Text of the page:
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04
2015
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Articles by Megan Bachman :: Page 2

  • Kula means community + yoga

    A group of local yoga teachers — along with dance, fitness and drumming practitioners — recently formed the Kula Cooperative, a collaborative offering classes for adults and children at the Casa de Paz retreat space on Corry Street. Members are, from left, in front, Nicole Manieri with son Gabriel Manieri, Marcia Sauer and Amy Chavez; second row, Kim Krier and Jill Becker; third row, administrator Sandy Riorden, Katy Gaines and Carmen Milano. Members not pictured are Paula Hurwitz, Melissa Tinker, Larissa McHugh, Leslie Dworkin, Liz Sanchez and Linda Hamilton. (Photo by Megan Bachman)

    A new door has opened in the Kula Cooperative, a collaborative of local yoga and movement teachers who say they are creating a “new model” based upon shared ownership, affordable rates and community-based practice.

  • Teaching justice, peace and protest

    Local resident Talis X was arrested last weekend at protests over the acquittal of a Cleveland police officer of charges stemming from a 2012 shooting of an unarmed black couple. Talis X will speak about his experiences with police violence and injustice at an Antioch College teach-in on mass incarceration and prison justice Saturday, May 30, from 1 to 4 p.m. in McGregor 113. (Still photo from CNN video)

    Local landscaper Talis X spent Memorial Day weekend in a Cleveland jail after leading a spontaneous street protest on Saturday when a judge acquitted a white Cleveland police officer in the 2012 shooting of an unarmed black couple.

  • Bulldogs sign, move up to college

    YSHS senior athletes continuing in their sport at the college level were honored at a signing ceremony at the high school this week. From left are soccer player Jared Scarfpin, Mount Vernon Nazarene University, softball players Jesi Worsham and Chelsea Horton, Clark State Community College and soccer player Ian Chick, Sewanee: The University of the South. (Photo by Megan Bachman)

    Four Yellow Springs High School senior athletes will play their sports at the college level next year.

  • June 4, 2015 Bulldog sports round-up

    Sophomore track athlete Julie Roberts ran the 300-meter hurdles to a seventh-place finish in the regional finals last weekend. She ran the race in in 48.75 seconds. (Submitted photo by Coach Peter Dierauer)

    June 4, 2015 Bulldog sports round-up

  • ‘Shout’ in the streets

    Local yoga teacher and choreographer Katy Gaines led the group of local seniors in the dance, which they learned at previous rehearsals. Last year seniors boogied to “I Heard it Through the Grapevine.” (Photo by Megan Bachman)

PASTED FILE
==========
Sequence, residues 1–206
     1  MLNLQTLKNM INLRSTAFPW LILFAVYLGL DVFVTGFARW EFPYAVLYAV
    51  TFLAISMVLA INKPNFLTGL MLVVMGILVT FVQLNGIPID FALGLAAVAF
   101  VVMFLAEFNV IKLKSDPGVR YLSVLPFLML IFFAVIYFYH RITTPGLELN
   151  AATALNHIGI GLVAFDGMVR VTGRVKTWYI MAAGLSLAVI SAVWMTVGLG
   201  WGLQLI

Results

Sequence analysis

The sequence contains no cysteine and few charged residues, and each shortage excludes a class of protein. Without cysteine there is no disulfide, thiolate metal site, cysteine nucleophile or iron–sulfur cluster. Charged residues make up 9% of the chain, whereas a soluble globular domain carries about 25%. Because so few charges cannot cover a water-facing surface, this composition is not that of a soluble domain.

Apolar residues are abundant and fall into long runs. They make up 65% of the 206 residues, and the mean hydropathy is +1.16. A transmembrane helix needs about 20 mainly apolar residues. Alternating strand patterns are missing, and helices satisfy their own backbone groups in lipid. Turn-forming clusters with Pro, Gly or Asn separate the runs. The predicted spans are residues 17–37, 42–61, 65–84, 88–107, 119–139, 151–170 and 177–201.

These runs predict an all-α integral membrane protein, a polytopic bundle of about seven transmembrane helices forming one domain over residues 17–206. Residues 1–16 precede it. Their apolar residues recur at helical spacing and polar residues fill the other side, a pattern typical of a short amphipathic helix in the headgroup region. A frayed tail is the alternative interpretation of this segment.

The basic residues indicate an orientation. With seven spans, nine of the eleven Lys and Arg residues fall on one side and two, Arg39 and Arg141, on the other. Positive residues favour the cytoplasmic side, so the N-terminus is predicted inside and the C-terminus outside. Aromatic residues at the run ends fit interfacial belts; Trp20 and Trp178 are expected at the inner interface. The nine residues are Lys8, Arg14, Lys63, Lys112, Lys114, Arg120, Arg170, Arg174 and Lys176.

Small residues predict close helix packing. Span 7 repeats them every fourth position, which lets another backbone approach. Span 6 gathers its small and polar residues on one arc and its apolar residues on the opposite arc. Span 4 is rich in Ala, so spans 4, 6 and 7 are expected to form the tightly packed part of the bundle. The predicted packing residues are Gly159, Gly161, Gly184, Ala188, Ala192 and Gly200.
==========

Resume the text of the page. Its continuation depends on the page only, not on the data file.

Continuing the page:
Last week the Yellow Springs Senior Center organized a flash mob dance to the Isley Brothers 1959 hit “Shout” to commemorate National Senior Health and Fitness Day.

  • Hurdlers excel at regional track meet

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    Hurdlers Julie Roberts and Kaner Butler scored at this weekend’s regional track and field meet, but did not advance to state.

  • YSHS athletes advance to regionals

    YSHS track and field athlete Ed Johnson sprinted the last leg of the 4x400-meter relay at last week’s district meet. Johnson helped his team clinch third place and qualify for regionals with a time of 45.78 seconds. Olivia Brintlinger-Conn cleared a hurdle on her way to a regional qualification last week. At the high school district track and field meet, Brintlinger-Conn finished fourth in the 300-meter hurdles in 49.53 seconds to advance to regionals. (Left photo by Tim Sherwood; right photo by Jesi Worsham)

    Yellow Springs High School track and field teams — both boys and girls — are sending more athletes on to regionals than at any time in the last 25 years.

  • Yellow Springs Police survey results—A desire for community engagement

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    Three-quarters of respondents in a survey on police and the Village said they would like the police to engage with the community more often, including by patrolling more on bicycle and foot instead of in their cruisers and visiting schools to speak with students.

  • Local policing survey results

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    A desire for more engagement between the police and the community was at the top of a list of suggestions for the Yellow Springs Police Department in a recent online survey. Overall, respondents said they were satisfied with the YSPD, while numerous cited their concerns.

  • News survey— Village police elicit mixed responses

    In a recent YS News online survey, nearly two-thirds of respondents reported they were very satisfied or somewhat satisfied with the Yellow Springs Police Department. Comparatively, 92 percent said the same in a 2005 Village random mail survey. While it may point to a downward trend in satisfaction, the discrepancy may be due to the News survey being self-selected, online, and focused solely on policing. (Source: Yellow Springs News online survey)

    Some villagers fear for their own safety because they believe the Yellow Springs Police Department unfairly targets them. Others believe the police force is so professional and respectful that any critique of the force is unjustified.